In the reply, we take aim at the Government’s assertion that there is no significant disagreement among the circuit courts of appeals on the question of what constitutes “sexual abuse of a minor” in the context of consensual sex between a person age 16 or 17 and another person who is 3 years older. We criticize the Government’s characterization of the Ninth Circuit’s decision in Estrada-Espinoza v. Mukasey (2008), a unanimous decision of 11 judges that a conviction under California Penal Code 261.5(c) – the same statute under which our client was convicted – is not “sexual abuse of a minor.”
We also disagree with the Government’s assertion that the Ninth Circuit could change course and conclude that such a conviction is sexual abuse of a minor – we find such a possibility extremely unlikely. And we find fault with the Government’s approach to the cases in the Fourth and Tenth Circuits – both finding that consensual sex in this context is not “sexual abuse of a minor.”
Perhaps even more importantly, the Government’s silence speaks volumes in response to our argument that the Supreme Court’s decision in Taylor v. United States applies to our case. In its silence, the Government appears to either concede that Taylor applies, or else assume that it does not apply to our case. If Taylor applies, then the Board of Immigration Appeals (BIA) and the Sixth Circuit were required to consider a definition of the crime of conviction that is derived from the way in which the term is now used in the criminal codes of most states and federal law.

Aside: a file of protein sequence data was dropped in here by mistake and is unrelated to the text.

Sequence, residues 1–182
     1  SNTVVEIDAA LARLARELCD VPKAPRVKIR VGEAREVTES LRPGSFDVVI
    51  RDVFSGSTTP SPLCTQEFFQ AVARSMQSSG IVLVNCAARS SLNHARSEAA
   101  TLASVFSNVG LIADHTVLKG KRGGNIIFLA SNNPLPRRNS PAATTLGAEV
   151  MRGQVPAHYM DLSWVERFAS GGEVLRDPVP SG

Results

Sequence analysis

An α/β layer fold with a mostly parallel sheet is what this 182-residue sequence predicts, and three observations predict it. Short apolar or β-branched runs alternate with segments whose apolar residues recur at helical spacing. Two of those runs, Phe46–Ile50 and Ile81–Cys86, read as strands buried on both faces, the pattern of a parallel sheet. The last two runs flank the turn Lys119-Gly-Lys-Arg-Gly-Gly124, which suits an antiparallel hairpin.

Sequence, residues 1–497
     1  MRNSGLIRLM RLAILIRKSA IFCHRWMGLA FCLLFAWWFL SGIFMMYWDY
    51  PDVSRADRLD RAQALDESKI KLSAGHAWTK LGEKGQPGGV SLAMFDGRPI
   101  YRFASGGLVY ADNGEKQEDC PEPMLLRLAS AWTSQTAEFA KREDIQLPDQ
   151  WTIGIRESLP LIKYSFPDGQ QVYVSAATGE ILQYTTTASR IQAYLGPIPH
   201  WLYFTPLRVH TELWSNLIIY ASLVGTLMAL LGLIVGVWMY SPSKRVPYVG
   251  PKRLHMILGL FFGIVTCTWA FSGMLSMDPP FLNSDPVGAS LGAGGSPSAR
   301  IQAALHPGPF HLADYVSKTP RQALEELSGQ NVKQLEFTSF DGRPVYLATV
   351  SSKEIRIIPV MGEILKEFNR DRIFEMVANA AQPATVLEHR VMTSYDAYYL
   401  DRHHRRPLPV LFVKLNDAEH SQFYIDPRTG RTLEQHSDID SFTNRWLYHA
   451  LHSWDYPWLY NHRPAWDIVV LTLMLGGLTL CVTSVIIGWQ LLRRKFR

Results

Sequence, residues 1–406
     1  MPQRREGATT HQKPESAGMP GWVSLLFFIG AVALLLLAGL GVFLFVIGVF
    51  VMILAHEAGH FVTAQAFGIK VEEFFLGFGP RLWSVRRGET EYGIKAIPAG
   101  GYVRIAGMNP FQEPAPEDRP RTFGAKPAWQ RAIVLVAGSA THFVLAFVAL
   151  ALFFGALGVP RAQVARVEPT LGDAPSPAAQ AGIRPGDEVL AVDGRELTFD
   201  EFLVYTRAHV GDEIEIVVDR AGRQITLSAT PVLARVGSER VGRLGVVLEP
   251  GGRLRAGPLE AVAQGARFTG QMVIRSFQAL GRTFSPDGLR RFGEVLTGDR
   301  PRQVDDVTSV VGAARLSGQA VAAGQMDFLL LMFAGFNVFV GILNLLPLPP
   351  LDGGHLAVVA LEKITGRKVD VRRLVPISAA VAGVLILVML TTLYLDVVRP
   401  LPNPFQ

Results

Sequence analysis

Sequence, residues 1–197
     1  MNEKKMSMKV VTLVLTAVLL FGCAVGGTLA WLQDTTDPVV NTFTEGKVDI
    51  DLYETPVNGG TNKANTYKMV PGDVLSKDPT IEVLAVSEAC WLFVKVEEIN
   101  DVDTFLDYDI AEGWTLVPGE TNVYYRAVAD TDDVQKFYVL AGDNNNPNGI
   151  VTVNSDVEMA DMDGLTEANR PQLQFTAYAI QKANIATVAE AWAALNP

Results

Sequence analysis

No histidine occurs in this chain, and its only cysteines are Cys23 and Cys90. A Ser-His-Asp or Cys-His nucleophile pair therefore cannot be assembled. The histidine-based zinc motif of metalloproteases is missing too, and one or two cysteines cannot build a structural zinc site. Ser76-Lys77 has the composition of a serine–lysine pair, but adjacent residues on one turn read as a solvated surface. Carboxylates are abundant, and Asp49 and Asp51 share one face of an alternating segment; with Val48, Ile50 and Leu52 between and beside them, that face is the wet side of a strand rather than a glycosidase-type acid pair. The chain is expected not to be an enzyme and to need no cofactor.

And it is undeniable that the Federal Government, 43 states and the District of Columbia have laws that do not criminalize consensual sex between a 17-year-old and a person 3 years older. According to the requirements of Taylor, a definition of “sexual abuse of a minor” could not include a conviction under California Penal Code 261.5(c).
In our reply to the Government’s opposition, we also assert that the Sixth Circuit should not have deferred to the BIA’s decision under a 1984 Supreme Court case called Chevron U.S.A. v. Natural Resources Defense Council, for two reasons. First, the approach required by Taylor resolves the issue, and deference to the BIA is not warranted. Second, because the term “sexual abuse of a minor” has both criminal and civil applications in federal law, the criminal rule of lenity trumps Chevron deference.
The Government appears to be arguing that the term “sexual abuse of a minor” can mean two different things – it can mean one thing in a civil proceeding, and a different thing in a criminal proceeding. The Government’s position goes against numerous Supreme Court cases stating that a statute must mean the same thing in all contexts.
In the coming weeks, the Supreme Court will be considering whether to accept our case for consideration. The odds are stacked against us. The Supreme Court only accepts about 5 percent of the cases presented to it, despite the fact that many of those cases are wrongly decided at the appeals court level. We hope that we can beat the odds in this case.